Youth at CARYFED informed about aspects of CDB work

The participants of the most recent Youth Forum on Environment and Development (CARYFED) were provided with information on the Caribbean Development Bank’s (CDB) work in facilitating gender mainstreaming and in promoting citizen security as critical elements in poverty reduction.

Social Analyst at CDB, Elbert Ellis, highlighted the objectives of the Bank’s Gender Equality Policy and Operational Strategy (GEPOS), and the interventions that the Bank supports under its Citizen Security Strategy while addressing the closing ceremony of CARYFED in Barbados on August 15, 2015.

On the subject of gender mainstreaming, Ellis encouraged participants to recognise the importance of gender to achieving sustainable development of the Region. 

“To do otherwise would continue a process that has for centuries, denied Caribbean society the opportunity to derive greater benefit from the collective human, social and economic capital of its men and women.  

“It is as a result of recognising this and related disparities that CDB developed GEPOS to inter alia, promote gender equality and empowerment through partnership between women and men, and to promote gender equality as a means to support sustainable development and reduce poverty and vulnerability” Ellis said.

Another concern raised by Ellis is the issue of the underachievement of boys and young men in the education system and their over-representation in unemployment and crime and violence statistics. 

And he stated that there must be sustained efforts to develop strategies that aim to keep males in school and sufficiently engaged to pursue activities that will improve academic and technical certification, enhance their educational achievement and income-earning potential in the labour market.

The Social Analyst noted that the high dropout rate for boys, in recent times, has had significant implications for their involvement in anti-social activities, gang and illicit drug activities, which, in addition to crime and violence has exacerbated issues of citizen security.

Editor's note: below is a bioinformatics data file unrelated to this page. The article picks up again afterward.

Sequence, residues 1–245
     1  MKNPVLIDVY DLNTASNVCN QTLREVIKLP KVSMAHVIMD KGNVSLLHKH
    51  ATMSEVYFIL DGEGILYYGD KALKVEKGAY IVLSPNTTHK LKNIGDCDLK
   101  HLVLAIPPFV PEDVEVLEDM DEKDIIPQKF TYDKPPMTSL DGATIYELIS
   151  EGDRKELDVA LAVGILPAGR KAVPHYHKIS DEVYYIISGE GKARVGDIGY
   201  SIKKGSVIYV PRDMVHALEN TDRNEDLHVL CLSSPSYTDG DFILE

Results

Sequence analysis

He said the fact that these activities all have implications for poverty reduction, the mandate of CDB, was one of the reasons the Bank developed its citizen security strategy to focus on the preventative aspects of crime and violence.

“The interventions supported in the citizen security strategy seek to address some of the antecedents of crime and violence, including gender-based and domestic violence, and where necessary, support the Bank’s Borrowing Member Countries in providing second-chance opportunities for male and female youth in the education system and wider society.  These interventions are critical to improving their life chances,” Ellis said.  

CARYFED is an initiative of Project Discovery which is a service-learning programme for students of the Caribbean Examinations Council programme, community colleges, polytechnics and regional tertiary institutions. It is convened annually in a Caribbean territory and this year 75 participants from six Caribbean territories including Dominica, Grenada, Jamaica, St Lucia, St, Vincent and Trinidad and Tobago were invited to join participants from host country Barbados.